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Trade wars, supply chain disruption, and the markets

The outcome of ongoing global trade tensions can’t be predicted, yet that outcome is key to accurately forecasting the world’s economic growth and market effects.

As such, the U.S-China trade war is the wild card in Stéfane Marion’s economic outlook. The chief economist and strategist at National Bank spoke about his outlook on Thursday at the National Bank Independent Network Annual Conference 2019 in Toronto.

“This is no time for complacency,” Marion said, referring to geopolitical risk. With persistent trade tensions and the trend toward less globalization, “we are changing the global supply chain in a way that we haven’t seen in over a generation.”

The potential result is a global regime change in which growth is slower, companies have less leverage and inflation is stickier.

While inflation might not rear its head in the short term, he expects it to appear within three to five years as consumer prices begin to reflect the effects of de-globalization, as well as the fight against climate change, which will be costly for businesses.

Markets would also be affected by regime change. A continued trend toward de-globalization “forces you to rethink what the fair value of the stock market will be,” Marion said, noting the importance of foreign sales for many S&P 500 companies. “It’s not cruise control with your investments anymore.”

Further, given the current price-earnings ratio expansion with accommodative monetary policy, the stock market is “even more vulnerable” to geopolitics, he said. (The corporate earnings outlook for 2020 would be boosted by one more potential rate cut by the Fed, he said.)

Despite the geopolitical risk, Marion doesn’t forecast a recession for 2020, mainly because of the recent U.S. decision not to impose new tariffs on China. Also, accommodative monetary policy has helped offset some of the negative effects of the trade war, and higher oil prices reflect growth, he said.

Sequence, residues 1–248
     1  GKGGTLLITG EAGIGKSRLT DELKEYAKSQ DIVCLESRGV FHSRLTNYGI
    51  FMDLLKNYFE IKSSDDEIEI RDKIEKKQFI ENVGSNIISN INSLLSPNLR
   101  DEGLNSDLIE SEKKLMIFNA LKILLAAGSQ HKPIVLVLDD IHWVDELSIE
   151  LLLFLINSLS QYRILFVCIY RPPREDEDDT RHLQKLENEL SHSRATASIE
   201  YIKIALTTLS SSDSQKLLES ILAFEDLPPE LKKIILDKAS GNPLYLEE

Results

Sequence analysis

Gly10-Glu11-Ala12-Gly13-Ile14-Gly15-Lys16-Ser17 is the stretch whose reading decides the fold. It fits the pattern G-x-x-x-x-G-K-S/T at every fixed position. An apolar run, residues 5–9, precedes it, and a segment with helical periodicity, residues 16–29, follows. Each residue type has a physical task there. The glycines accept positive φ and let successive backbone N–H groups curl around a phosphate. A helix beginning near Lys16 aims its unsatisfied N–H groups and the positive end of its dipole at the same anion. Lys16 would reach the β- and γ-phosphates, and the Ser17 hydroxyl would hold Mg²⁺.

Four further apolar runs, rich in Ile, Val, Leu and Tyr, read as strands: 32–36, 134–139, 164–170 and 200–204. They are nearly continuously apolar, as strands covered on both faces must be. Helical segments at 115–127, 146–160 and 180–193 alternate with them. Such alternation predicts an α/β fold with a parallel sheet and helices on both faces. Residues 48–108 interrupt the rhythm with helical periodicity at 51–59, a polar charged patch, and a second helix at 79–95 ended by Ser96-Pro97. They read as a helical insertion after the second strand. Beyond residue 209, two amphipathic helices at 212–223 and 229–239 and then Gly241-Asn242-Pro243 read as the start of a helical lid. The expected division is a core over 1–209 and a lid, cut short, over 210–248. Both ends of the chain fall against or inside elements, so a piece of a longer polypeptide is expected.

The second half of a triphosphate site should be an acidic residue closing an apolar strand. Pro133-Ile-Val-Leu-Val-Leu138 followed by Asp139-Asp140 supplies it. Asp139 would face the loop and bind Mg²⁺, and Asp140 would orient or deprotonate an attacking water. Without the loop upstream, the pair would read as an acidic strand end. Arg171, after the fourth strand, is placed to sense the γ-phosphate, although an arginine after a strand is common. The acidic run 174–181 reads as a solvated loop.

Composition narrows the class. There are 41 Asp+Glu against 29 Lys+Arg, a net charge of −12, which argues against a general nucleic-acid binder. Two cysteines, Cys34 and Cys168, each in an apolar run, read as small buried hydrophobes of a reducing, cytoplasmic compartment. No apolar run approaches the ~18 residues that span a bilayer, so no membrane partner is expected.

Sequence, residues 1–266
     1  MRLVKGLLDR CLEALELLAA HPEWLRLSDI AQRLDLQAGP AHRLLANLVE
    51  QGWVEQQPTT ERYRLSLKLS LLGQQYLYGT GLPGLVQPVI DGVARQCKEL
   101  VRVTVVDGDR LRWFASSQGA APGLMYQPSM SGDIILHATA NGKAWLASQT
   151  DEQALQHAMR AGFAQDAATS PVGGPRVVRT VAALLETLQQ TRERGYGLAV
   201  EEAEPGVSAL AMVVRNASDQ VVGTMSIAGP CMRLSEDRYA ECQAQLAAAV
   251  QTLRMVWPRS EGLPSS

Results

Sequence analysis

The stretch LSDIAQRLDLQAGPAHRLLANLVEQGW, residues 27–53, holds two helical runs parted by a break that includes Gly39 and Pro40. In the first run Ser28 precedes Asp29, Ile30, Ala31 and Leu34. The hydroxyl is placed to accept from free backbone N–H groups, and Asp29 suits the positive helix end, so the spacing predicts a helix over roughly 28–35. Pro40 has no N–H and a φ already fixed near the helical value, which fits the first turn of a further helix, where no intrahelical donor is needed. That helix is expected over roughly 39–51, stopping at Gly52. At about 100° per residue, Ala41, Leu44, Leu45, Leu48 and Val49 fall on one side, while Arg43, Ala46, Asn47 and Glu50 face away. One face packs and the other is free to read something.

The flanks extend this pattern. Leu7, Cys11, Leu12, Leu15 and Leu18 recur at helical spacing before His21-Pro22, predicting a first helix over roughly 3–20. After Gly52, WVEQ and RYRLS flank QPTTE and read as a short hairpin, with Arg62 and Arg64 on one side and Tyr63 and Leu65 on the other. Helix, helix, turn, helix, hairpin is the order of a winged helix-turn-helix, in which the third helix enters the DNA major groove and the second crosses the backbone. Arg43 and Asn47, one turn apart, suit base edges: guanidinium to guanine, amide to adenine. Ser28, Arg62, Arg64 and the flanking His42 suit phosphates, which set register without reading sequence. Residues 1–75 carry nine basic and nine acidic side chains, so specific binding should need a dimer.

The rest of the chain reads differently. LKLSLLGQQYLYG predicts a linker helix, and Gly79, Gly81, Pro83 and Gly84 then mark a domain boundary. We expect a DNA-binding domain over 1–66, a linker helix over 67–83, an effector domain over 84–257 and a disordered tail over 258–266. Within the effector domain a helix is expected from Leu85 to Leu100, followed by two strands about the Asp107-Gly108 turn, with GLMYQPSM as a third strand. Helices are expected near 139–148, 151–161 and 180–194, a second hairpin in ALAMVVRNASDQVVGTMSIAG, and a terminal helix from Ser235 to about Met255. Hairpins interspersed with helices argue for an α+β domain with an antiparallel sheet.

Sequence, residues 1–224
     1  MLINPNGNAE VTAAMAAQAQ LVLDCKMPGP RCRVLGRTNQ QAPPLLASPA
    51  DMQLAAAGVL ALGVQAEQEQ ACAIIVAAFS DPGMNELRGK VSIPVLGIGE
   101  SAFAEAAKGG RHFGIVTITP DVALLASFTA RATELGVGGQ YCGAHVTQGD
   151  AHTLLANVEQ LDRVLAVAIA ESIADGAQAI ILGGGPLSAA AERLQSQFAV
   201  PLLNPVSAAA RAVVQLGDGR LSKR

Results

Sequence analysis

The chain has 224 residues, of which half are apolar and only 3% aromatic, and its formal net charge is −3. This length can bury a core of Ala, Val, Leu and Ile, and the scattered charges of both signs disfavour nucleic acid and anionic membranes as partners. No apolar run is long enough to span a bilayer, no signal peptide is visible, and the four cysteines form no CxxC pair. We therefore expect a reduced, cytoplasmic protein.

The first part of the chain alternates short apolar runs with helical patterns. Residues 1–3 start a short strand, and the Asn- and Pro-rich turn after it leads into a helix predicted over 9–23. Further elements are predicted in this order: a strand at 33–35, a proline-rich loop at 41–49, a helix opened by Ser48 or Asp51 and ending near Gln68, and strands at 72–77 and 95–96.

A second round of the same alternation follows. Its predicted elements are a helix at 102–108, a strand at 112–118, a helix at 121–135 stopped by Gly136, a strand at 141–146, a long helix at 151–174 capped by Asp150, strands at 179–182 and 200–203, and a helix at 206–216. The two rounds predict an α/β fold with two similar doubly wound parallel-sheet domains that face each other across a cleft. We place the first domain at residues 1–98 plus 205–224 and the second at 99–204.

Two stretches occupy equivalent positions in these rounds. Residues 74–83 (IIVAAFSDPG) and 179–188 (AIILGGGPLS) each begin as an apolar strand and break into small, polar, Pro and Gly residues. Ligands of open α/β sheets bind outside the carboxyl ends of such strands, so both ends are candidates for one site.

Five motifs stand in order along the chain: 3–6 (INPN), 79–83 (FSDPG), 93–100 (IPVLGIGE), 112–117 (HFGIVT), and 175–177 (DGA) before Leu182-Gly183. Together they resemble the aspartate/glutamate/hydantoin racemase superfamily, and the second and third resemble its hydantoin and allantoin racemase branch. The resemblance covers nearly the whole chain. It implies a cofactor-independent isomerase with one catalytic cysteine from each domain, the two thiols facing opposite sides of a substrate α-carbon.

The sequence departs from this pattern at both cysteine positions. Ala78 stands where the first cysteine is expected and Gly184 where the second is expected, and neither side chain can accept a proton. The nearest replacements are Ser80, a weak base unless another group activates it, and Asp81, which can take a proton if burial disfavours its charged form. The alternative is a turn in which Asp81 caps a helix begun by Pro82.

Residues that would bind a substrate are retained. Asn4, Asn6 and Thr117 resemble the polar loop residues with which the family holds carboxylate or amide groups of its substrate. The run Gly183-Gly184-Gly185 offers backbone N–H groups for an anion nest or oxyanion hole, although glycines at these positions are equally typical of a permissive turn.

While the U.S. and China have called a trade truce for now, National Bank thinks the two countries will eventually divorce, though the break-up would likely be amicable, not acrimonious, Marion said. As a result, economic growth would be slower but a recession would be avoided.

He forecasted global growth of about 3.2% this year and next, with China’s GDP at about 6%.

The Canadian economy, which has outperformed its global peers so far this year with nominal GDP of about 4%, is expected to remain resilient, supported by strong population growth and less leveraged companies relative to the U.S. Growth for the whole year is expected to be lower, however, at 1.6%. With the economy hitting the Bank of Canada’s inflation target of 2%, Marion isn’t expecting rate cuts from the central bank, but that could change if the U.S.-China trade war takes a turn for the worse.

Commenting on next week’s election, Marion said Canada’s new government must adapt its foreign policy to respond to the changing geopolitical environment, where global allies will be fewer. That means being pragmatic, not dogmatic, he said.

Source: Investment Executive